The record before the district court disclosed, and the court found, that the appellees' property is what might be described as a single-family zoned island in a sea of garden-type apartment zoning.3 Thus, it appears that in eleven prior cases between 1963 and 1967 the Commission granted applications to rezone other property in the neighborhood to permit the erection of garden-type apartments. In several of these cases, relating to property surrounding the appellees' lots, the Commission overruled objections identical with those advanced in this case. The district court stated that it was 'unable to discern any justification for a difference in treatment in the adjoining properties and the Plaintiff's property * * *'. In this connection, the court noted that in response to a question from the bench, counsel for the Zoning Commission disclaimed any reliance upon the need for a 'vacant oasis' in the area.
The district court found that the area in which the appellees' property is located is inhabited by persons of low economic level, that many of the dwellings in the area are old and in poor condition, and that more and better housing facilities are needed. The construction of garden-type apartments on vacant lots such as those owned by the appellees would of course supply such additional housing, and thereby contribute to the public welfare. See Wolpe v. Poretsky, 81 U.S.App.D.C. 67, 68, 154 F.2d 330, 331, cert. denied, 329 U.S. 724, 67 S.Ct. 69, 91 L.Ed. 627 (1946). We note further that under existing regulations only one single-family dwelling may be erected on each of the appellees' lots.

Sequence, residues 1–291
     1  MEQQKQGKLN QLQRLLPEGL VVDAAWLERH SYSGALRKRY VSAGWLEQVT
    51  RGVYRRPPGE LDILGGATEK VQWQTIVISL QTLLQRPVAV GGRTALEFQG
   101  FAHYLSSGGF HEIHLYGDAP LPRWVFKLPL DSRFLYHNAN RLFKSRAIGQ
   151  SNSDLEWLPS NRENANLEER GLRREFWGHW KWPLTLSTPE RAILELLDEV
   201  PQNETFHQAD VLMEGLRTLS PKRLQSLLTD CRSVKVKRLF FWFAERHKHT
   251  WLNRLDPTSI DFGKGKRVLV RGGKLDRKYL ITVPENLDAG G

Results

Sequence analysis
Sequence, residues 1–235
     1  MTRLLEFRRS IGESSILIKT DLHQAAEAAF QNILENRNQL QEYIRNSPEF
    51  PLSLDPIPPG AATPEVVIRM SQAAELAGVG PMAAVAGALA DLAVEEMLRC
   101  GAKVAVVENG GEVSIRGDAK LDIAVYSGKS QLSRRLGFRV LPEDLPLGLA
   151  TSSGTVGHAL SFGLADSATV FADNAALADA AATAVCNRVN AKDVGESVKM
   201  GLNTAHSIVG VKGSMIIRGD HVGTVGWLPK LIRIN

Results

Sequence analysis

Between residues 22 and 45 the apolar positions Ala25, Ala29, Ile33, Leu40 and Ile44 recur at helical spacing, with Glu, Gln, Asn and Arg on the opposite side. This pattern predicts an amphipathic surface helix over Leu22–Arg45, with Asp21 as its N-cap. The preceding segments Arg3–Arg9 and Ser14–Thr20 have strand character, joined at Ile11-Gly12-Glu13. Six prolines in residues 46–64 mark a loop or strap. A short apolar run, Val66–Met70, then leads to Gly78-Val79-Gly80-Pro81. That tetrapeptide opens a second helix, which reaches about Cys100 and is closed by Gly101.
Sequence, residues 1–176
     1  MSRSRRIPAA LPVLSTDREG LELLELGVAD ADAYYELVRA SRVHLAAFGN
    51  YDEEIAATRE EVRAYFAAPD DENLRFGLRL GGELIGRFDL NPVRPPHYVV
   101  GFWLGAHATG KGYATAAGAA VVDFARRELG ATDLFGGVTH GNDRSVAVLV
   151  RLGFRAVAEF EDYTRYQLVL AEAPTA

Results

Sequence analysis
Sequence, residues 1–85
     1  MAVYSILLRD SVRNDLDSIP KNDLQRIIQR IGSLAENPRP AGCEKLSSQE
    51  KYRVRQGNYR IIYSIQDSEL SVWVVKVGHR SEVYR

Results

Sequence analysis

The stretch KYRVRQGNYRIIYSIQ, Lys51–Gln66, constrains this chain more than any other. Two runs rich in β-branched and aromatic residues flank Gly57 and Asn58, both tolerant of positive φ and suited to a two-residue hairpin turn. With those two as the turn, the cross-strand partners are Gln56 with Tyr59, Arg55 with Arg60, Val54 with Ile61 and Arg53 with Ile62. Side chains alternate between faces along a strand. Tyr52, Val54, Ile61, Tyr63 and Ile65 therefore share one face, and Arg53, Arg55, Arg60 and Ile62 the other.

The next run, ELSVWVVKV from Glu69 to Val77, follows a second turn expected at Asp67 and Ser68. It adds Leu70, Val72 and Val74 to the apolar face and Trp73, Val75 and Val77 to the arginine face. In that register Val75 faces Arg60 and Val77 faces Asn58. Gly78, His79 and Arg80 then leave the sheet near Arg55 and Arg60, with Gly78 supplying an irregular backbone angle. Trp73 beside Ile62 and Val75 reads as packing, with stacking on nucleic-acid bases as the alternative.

With respect to the objection that building garden-type apartments would overtax the public facilities of the area the district court reasoned: 'Progress and growth cannot be stopped for the lack of facilities. It is putting the cart before the horse to say that because there are not enough governmental facilities in a particular area we will not commence to grow.' We think the district court's reasoning was sound.
After careful consideration of the entire record we approve the findings of the District Court and its conclusion that the action of the Zoning Commission was arbitrary. True, the Zoning Commission, a quasi-legislative body, was not required to make findings of fact, and its actions are entitled to a presumption of validity; but when a complainant makes a factual showing indicating that one of its actions is arbitrary that action cannot be sustained unless the Commission puts forward, or the court is otherwise able to discern, some basis in fact and law to justify the action as consistent with reasonableness. Neither the district court nor this court could perceive such a basis. Accordingly the judgment is
The Zoning Commission consists of the Chairman and Vice Chairman of the District of Columbia Council, the Commissioner of the District of Columbia, the Director of the National Park Service and the Architect of the Capitol. D.C.Code 5-412 (1967); Reorganization Plan No. 3, 404 (1967), D.C.Code 5-412 (Cum.Supp. III, 1970)
The Commission was not required to state its reasons or make findings of fact, and did not do so. See Gerstenfeld v. Jett, 126 U.S.App.D.C. 119, 374 F.2d 333 (1967)
See Leventhal v. District of Columbia, 69 App.D.C. 229, 231, 100 F.2d 94, 96 (1928)